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Baseball Law: Are Teams Negligent for Not Having More Netting to Protect Fans?

A sad accident at an Atlanta Braves game in 2010 has led to the latest "fan vs. team" lawsuit for injuries resulting from a foul ball. In this case, the fan was a 6-year-old child who was hit by a ball in the head, resulting in a fractured skull and damage to her brain. The family is suing the owner of the Braves and Major League Baseball, claiming that the defendants were negligent in their protection of fans such as the injured child.

According to The Atlanta Journal-Constitution, the plaintiffs claim that the Braves and MLB were particularly aware of the dangers given that one of their minor league managers, Luis Salazar, actually lost an eye when he was hit in the face by a foul ball at a spring training game. The family's lawyer, Mike Moran, argues that the danger to fans can be easily remedied by putting up more netting in front of the closer seats. The AJC notes that many fans object to teams adding netting around the first- and third-base lines because it can obstruct their views, but Moran counters that the most expensive seats at ballparks are usually directly behind home plate -- and a screen.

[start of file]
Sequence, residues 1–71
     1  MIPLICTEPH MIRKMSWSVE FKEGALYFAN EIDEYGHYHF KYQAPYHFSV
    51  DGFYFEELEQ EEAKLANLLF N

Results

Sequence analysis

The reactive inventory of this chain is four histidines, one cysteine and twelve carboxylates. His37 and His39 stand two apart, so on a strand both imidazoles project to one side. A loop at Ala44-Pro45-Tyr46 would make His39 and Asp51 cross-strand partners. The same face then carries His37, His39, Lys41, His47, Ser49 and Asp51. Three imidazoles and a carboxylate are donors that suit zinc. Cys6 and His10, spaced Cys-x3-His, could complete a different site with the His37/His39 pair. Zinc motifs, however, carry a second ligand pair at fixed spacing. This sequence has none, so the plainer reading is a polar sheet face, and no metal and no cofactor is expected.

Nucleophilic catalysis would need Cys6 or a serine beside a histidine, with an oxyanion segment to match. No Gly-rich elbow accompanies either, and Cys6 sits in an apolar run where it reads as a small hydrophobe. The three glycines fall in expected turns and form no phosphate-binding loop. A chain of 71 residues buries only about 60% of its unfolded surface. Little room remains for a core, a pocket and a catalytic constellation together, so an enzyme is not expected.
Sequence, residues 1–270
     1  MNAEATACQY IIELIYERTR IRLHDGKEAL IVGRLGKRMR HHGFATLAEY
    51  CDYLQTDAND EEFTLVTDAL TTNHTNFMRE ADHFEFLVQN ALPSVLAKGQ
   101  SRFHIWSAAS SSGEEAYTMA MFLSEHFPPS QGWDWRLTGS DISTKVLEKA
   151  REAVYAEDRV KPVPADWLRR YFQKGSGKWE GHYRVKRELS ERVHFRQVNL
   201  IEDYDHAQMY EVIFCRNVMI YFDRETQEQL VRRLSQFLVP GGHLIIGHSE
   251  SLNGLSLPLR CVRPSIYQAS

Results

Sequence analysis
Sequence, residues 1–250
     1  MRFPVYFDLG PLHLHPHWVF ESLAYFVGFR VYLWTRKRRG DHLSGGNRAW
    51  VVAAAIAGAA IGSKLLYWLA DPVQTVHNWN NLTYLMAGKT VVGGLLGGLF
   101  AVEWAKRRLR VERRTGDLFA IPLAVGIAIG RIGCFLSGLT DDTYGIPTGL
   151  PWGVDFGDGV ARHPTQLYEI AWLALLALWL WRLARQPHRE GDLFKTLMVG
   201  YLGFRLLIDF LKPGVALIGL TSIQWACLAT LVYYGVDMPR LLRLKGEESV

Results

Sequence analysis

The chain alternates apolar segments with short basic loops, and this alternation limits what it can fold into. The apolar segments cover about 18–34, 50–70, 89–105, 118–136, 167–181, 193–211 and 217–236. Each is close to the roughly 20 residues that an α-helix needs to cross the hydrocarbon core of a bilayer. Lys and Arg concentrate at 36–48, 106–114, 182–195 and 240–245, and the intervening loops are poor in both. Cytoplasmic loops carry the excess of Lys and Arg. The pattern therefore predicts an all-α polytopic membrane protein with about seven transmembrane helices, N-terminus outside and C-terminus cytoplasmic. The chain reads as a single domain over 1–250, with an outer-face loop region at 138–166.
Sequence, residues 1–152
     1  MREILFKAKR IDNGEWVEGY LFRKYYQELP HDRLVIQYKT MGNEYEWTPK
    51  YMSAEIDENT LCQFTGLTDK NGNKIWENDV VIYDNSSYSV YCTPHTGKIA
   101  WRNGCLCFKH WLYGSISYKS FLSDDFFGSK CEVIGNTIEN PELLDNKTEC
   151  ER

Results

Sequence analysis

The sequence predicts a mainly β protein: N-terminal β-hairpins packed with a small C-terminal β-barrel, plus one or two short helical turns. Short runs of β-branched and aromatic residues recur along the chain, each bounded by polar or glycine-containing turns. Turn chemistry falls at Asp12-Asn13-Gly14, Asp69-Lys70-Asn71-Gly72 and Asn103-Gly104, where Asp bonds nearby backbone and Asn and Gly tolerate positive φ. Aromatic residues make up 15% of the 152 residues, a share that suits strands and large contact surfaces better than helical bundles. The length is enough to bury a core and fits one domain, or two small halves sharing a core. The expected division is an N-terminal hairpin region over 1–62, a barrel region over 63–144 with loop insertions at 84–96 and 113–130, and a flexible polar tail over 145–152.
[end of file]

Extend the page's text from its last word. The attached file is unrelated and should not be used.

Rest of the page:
The AJC reports that about 200 "foul ball" (or flying bat) cases are filed each year related to baseball games played at any level, but the vast majority fail because spectators are deemed to have "assumed the risk" of any injury. At the MLB level, the back of each ticket specifically states:

The holder assumes all risk and danger incidental to the game of baseball, whether occurring prior to, during or subsequent to, the actual playing of the game, including specifically ... the danger of being injured by thrown or batted balls, thrown or broken bats.

As discussed here previously, there have been several cases and settlements recently in which players -- who are also usually deemed to have assumed the risk of injury -- were injured during games have recovered money. These include a pitcher who was injured while pitching on a mound that was "too big and too deep" and another pitcher who was killed by a line drive.

Posted by Bruce Carton on July 19, 2012 at 04:22 PM | Permalink | Comments (6)


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